Using pictures with explicit warnings against smoking on the cigar packets may contribute to the avoidance of over 652.000 deaths in the next 50 years in the United States only, informs the Science Daily. It can also prevent the bringing into the world of about 92,000 of children with weight below the normal one, the birth of about 145,000 of premature infants and may help prevent about 1,000 cases of child deaths, according to the scientists from Georgetown Lombardi Comprehensive Cancer Center. The study, published on November 3 in the ‘Tobacco Control’, is the first to estimate the effects had by the images with explicit warnings from the cigarette packets on the health of adults and children in the United States. Although more than 70 countries adopted or have in view to adopt the Convention of the World Health Organization (WHO) for the control of tobacco, which foresees the use of the explicit images on the front and the back of the packages, the measure was not implemented in the United States where only warning texts are published on the packets.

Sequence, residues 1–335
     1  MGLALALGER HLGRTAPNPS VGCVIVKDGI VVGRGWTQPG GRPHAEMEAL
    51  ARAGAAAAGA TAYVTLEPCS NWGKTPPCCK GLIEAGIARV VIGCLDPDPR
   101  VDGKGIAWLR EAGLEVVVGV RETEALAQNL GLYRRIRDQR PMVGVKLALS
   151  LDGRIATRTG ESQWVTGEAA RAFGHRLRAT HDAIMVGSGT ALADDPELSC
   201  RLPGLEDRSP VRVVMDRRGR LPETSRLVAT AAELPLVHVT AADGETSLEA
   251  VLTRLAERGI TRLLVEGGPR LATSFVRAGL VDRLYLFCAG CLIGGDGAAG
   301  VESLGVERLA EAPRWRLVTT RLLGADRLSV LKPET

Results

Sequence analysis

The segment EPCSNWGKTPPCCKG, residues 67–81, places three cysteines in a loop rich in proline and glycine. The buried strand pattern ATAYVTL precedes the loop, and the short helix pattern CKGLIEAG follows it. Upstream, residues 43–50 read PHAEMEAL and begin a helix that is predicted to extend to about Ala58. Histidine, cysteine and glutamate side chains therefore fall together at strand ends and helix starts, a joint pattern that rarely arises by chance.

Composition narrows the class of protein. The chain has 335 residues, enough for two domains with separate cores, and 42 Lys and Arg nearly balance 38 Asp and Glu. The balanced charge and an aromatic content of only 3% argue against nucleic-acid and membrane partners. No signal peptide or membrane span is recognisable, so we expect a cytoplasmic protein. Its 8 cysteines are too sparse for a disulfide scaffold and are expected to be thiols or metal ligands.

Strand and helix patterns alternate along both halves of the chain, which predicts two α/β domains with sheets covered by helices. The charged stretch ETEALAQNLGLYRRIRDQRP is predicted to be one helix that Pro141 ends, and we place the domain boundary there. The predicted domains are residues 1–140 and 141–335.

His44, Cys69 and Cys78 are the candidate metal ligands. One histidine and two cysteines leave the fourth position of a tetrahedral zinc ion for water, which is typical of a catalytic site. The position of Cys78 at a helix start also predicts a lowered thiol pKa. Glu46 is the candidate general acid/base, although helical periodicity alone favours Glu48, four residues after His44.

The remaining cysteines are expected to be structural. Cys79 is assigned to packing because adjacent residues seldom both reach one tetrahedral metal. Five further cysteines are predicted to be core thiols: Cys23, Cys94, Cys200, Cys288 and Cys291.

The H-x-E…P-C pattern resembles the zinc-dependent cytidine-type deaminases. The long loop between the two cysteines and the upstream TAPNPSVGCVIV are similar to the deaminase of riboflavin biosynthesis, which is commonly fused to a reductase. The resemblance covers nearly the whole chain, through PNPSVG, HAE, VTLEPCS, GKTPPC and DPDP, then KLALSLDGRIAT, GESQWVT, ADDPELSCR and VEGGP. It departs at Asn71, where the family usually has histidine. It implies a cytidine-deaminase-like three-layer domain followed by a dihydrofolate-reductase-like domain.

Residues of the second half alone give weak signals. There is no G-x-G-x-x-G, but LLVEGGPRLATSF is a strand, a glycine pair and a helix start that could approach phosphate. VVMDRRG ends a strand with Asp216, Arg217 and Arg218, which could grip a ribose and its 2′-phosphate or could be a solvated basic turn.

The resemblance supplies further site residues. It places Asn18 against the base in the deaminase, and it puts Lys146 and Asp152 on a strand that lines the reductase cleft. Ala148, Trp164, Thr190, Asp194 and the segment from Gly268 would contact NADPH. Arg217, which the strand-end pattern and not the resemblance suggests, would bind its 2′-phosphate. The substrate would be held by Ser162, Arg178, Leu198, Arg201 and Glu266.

In this study, the researchers used a model for tracking of the policy of the tobacco consumption control called SimSmoke – developed by Professor David T. Levy from the Georgetown Lombardi Center, used and validated in over 20 countries – and data gathered from Australia, Canada and the United Kingdom that implemented the measures of the WHO. The results demonstrated that the measure of introducing these warnings has led to a decrease of smokers’ number. For example, eight years after the convention’s stipulation was implemented in Canada, it was noticed a reduction of the smoking prevalence from 12% to 20%, and in Australia decreased from 21,3% in 2007 to 19% in 2008. In the Great Britain, after the implementation of the stipulation in 2008, the prevalence of smoking decreased by 10% in the following year.